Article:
Predicting Subjective Well-Being Using Social Support and Mindfulness for United Arab Emirates University Students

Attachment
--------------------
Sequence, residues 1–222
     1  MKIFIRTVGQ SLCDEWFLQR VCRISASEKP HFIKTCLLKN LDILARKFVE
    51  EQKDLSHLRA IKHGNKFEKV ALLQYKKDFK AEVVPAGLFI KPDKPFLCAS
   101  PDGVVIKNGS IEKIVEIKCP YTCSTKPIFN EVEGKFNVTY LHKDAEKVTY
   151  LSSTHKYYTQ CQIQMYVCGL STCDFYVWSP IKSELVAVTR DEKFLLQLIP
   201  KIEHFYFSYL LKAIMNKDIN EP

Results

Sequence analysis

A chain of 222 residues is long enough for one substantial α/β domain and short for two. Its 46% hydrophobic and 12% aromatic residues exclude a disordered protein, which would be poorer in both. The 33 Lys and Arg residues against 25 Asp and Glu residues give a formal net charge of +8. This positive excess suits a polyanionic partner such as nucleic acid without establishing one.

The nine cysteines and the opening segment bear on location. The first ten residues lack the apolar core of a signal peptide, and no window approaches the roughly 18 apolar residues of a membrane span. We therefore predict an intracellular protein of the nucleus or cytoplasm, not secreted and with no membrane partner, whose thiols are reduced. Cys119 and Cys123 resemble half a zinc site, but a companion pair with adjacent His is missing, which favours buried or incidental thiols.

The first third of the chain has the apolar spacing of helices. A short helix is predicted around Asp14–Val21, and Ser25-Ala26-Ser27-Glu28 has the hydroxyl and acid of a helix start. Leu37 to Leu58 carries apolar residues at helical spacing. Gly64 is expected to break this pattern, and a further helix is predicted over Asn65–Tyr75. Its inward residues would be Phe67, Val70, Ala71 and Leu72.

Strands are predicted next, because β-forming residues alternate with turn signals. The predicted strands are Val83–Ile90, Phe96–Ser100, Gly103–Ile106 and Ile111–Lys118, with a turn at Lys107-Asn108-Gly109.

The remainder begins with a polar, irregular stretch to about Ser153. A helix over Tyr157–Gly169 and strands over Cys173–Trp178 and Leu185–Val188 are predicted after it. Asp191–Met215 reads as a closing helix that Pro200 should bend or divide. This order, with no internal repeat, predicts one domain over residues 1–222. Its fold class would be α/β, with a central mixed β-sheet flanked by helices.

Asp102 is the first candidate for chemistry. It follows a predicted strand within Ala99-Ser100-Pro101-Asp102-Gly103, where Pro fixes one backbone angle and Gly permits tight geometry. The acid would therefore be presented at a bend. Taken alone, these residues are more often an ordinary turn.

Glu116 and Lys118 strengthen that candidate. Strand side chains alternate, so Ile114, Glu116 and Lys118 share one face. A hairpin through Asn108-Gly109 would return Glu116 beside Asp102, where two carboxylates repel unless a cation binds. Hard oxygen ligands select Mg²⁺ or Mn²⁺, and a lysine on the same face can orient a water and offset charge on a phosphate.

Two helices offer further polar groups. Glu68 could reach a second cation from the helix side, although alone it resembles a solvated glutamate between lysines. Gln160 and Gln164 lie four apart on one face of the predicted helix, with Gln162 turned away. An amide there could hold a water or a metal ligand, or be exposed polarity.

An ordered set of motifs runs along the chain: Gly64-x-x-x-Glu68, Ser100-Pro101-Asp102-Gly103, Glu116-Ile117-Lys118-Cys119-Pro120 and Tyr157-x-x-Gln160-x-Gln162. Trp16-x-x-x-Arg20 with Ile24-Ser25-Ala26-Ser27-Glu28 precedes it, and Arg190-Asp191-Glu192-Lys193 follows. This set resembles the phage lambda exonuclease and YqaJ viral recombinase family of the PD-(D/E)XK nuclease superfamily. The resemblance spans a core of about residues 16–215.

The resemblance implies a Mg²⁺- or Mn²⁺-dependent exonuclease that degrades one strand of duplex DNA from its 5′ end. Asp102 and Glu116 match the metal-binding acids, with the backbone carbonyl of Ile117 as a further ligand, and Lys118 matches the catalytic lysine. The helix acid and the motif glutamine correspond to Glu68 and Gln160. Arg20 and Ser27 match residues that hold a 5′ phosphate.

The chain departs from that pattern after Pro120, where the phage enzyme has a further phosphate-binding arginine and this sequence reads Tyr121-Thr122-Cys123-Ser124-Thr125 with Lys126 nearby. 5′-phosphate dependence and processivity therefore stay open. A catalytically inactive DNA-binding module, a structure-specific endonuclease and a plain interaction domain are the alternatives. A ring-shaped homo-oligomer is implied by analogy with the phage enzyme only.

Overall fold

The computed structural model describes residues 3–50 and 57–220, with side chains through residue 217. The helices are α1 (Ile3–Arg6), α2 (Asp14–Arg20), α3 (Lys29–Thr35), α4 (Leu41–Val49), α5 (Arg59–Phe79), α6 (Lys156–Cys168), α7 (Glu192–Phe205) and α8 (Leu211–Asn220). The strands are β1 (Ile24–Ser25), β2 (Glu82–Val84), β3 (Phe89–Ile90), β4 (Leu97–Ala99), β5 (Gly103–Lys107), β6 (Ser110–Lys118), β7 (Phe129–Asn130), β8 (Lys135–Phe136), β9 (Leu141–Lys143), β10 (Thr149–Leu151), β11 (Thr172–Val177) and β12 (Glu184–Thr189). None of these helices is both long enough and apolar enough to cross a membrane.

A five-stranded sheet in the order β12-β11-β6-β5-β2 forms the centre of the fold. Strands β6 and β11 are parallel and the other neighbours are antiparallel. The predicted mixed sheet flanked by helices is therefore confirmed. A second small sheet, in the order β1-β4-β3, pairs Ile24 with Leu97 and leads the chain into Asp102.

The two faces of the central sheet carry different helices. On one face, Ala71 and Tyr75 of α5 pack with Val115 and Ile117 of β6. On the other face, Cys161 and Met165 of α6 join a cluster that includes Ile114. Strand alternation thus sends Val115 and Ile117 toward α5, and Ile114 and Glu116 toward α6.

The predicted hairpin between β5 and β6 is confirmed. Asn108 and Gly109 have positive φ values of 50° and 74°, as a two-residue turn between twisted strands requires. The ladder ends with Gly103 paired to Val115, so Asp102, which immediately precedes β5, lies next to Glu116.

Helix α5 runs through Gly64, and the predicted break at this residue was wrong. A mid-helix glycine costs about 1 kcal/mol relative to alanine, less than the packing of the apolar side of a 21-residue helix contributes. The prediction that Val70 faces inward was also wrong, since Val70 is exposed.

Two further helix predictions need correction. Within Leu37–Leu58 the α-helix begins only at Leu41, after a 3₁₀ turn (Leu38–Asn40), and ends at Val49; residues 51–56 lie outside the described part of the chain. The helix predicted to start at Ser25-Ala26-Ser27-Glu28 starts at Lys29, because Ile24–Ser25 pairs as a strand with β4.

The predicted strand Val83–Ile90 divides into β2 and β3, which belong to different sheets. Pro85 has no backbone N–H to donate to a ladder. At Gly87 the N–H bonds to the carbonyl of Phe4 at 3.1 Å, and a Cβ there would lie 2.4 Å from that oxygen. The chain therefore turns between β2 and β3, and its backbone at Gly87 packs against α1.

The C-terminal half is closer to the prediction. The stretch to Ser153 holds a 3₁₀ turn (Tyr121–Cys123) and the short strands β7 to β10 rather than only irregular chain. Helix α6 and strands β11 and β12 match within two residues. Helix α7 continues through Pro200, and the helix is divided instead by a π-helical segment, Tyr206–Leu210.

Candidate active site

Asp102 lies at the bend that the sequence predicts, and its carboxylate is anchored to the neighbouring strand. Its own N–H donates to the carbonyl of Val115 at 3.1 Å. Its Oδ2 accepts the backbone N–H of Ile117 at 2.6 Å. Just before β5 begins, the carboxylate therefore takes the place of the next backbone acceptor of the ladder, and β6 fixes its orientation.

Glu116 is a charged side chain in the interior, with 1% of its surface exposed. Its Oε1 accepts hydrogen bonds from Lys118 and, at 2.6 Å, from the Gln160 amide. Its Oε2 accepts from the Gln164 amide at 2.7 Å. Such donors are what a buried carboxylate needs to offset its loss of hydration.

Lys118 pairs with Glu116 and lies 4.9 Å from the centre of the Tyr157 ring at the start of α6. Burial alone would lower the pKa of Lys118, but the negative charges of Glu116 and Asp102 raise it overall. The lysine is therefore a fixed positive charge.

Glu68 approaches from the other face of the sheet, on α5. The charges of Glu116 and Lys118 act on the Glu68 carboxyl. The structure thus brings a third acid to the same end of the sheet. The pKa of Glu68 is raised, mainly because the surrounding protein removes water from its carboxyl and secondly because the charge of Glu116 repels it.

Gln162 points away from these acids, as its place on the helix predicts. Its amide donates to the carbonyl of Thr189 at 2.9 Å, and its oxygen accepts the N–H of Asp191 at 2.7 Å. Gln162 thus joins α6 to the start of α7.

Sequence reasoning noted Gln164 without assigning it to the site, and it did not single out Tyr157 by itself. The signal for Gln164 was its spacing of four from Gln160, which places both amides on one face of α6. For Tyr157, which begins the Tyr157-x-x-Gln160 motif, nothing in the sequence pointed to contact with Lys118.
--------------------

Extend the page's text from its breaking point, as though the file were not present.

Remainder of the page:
This thesis is concerned with assessing the psychological well-being of the United Arab Emirates University students community and predicting the integral factors that significantly contribute to it. Existing studies have explored pathologies such as depression and anxiety in an attempt to deduce knowledge indispensable to clinical interventions. This study deals with what the individuals with high psychological well-being are doing well and takes this knowledge to inform clinical interventions. In this context, it is noteworthy to argue that this thesis is one of the pioneering studies involving a predominantly local population, which allows for more successful and more culturally sensitive clinical interventions in the U.A.E. This study aims to determine if high levels of access to social support from family, friends and significant other along with high levels of mindfulness ability also known as calm, conscious awareness, can predict high levels of psychological well-being (emotional and cognitive satisfaction with one’s life). Self-report questionnaires were administered online to a sample of 889 students at the United Arab Emirates University. The instruments included five questionnaires: Section 1, Demographics (6 items). Section 2, PANAS (20 items). Section 3, The Life satisfaction scale (5 items). Section 4, CAMS-R (12 item). Section 5, Multidimensional scale of perceived social support (12 item). The findings showed that both social support scores and mindfulness scores significantly predicted subjective well-being scores. Social support was a stronger predictor of life satisfaction (the cognitive component of subjective well-being) than mindfulness. Whereas mindfulness was the strongest predictor of the positive affect scores (one of the emotional component of subjective well-being along with negative affect). Social support from family members was the highest source of social support when compared to social support from friends and significant other. The findings from this study can help guide clinical interventions in a more targeted, culturally sensitive and, therefore, more effective manner to increase subjective well-being in the UAEU student population.